The Paducah Sun

October 28, 1999

Bill would increase cleanup funds, Whitfield says

By Joe Walker
Sun Business Editor

First District U.S. Rep. Ed Whitfield is sponsoring a bill to provide what he described as better oversight and more money to clean up the Paducah Gaseous Diffusion Plant while better protecting workers who may face layoffs.

Introduced Wednesday by Whitfield and U.S. Rep. Ted Strickland, D-Ohio, the legislation would:

--Provide millions of additional dollars annually for cleanup at Paducah and its sister plant near Portsmouth, Ohio. The process involves sending money directly to the plants by removing it from the cumbersome federal appropriations process.

--Remove the plants from the jurisdiction of the Department of Energy's Oak Ridge (Tenn.) Operations office and establish a similar office exclusively for Paducah and Portsmouth by March 30. That move is designed to focus more DOE cleanup attention on the enrichment plants.

--Direct DOE to give plant production workers affected by layoffs or partial plant shutdown the first choice for jobs that become available in cleanup work. That section of the bill also covers continued training, pension and retiree health benefits.

"This legislation represents a strong, two-way effort to increase funding for cleanup of the Paducah and Portsmouth sites to put those funds more toward the actual cleanup and to better protect workers who may face layoffs in the future," Whitfield said. "It means extra money for extra cleanup and extra job security for the local workers."

Surcharges on the sale of enriched uranium produced by the plants and other budget sources have created a decontamination and decommissioning fund of about $1.6 billion. Under legislation privatizing plant operator USEC, the fund is set to expire in 2007.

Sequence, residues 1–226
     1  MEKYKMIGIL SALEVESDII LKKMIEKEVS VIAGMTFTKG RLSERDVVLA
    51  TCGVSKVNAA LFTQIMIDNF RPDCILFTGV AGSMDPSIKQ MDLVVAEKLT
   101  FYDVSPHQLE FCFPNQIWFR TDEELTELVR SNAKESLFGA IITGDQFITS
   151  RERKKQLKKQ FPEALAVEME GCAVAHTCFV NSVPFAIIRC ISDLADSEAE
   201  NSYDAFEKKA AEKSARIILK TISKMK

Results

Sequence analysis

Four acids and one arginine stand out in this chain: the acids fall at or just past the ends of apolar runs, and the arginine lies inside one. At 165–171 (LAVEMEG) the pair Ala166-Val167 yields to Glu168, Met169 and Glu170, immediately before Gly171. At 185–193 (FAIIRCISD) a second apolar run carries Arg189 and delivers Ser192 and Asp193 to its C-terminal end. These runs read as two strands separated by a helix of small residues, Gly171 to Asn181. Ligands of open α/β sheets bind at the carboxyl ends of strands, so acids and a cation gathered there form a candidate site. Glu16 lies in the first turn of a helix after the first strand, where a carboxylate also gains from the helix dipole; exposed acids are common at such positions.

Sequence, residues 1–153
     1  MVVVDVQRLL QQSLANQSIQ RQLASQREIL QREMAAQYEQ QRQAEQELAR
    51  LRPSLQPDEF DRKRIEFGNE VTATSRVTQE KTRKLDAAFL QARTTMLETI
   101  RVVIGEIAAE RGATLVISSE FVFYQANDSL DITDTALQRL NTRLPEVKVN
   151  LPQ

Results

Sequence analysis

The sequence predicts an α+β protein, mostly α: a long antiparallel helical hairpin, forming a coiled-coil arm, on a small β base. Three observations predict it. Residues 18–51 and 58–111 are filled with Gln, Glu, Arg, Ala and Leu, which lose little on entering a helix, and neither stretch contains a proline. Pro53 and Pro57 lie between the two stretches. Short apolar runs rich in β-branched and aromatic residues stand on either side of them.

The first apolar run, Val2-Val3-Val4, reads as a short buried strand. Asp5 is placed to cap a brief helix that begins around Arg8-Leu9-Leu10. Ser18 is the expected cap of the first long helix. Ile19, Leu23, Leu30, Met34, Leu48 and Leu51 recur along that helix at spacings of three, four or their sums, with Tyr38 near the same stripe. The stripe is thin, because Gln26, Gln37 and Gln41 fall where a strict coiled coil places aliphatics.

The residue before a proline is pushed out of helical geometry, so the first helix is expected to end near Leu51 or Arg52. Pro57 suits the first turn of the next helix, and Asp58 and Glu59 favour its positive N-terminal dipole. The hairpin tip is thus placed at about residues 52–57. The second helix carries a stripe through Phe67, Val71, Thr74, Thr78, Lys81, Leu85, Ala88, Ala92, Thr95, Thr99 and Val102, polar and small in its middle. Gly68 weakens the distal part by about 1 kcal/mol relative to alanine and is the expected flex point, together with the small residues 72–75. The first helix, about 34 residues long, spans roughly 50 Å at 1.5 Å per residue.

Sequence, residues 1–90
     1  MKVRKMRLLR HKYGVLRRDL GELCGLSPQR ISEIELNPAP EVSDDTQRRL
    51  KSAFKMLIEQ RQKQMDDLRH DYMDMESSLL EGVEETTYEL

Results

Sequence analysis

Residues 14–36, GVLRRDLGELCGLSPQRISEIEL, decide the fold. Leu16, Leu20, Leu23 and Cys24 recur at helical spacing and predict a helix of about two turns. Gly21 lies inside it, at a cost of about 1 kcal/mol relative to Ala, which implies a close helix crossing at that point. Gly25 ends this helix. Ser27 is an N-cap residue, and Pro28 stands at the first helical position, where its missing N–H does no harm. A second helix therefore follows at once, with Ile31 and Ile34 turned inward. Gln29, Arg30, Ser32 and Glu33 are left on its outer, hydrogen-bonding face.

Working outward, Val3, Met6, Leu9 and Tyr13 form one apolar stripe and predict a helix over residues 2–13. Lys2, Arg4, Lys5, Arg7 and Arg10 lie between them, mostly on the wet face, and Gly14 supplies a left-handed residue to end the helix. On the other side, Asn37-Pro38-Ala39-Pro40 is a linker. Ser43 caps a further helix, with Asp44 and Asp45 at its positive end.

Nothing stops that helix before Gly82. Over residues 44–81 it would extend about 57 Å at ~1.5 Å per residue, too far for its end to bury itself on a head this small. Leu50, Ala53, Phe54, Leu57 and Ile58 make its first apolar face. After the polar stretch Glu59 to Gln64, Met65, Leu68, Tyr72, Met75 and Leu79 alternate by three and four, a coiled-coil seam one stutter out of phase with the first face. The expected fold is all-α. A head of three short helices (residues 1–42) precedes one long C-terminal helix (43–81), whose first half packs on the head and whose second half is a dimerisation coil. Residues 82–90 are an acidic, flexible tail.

Of the $1.6 billion, $240 million is allocated this fiscal year for cleaning up DOE's three enrichment plant sites. But Whitfield and other lawmakers have complained that $74 million is split by Paducah and Portsmouth and the rest, $166 million, goes to Oak Ridge, whose enrichment plant is closed.

"When $240 million is appropriated for cleanup at the three enrichment sites and Paducah gets only $37 million, that shows the need for a change," Whitfield said.

Under the Whitfield-Strickland bill, money would be automatically sent to the plants based on their enriched uranium production levels, rather than being tied up in the federal budgetary process.

He said congressional hearings on contamination at the Paducah plant suggest that because the money is allocated from the Oak Ridge Operations office, Paducah is slighted.

"The hearings we have held clearly show that Oak Ridge managers don't treat Paducah fairly," Whitfield said. He said a Paducah-Portsmouth operations office would focus more money and managerial attention on those plants.

The bill calls for a line-item appropriation to pay for the new operations office.

DOE officials have said a Paducah-Portsmouth operations office would be even more expensive by creating facilities and staff apart from Oak Ridge. Instead, they have pledged more time and money to the Paducah cleanup effort.

Earlier this fall, DOE assigned Dale Jackson as new site manager at Paducah and added two DOE support personnel.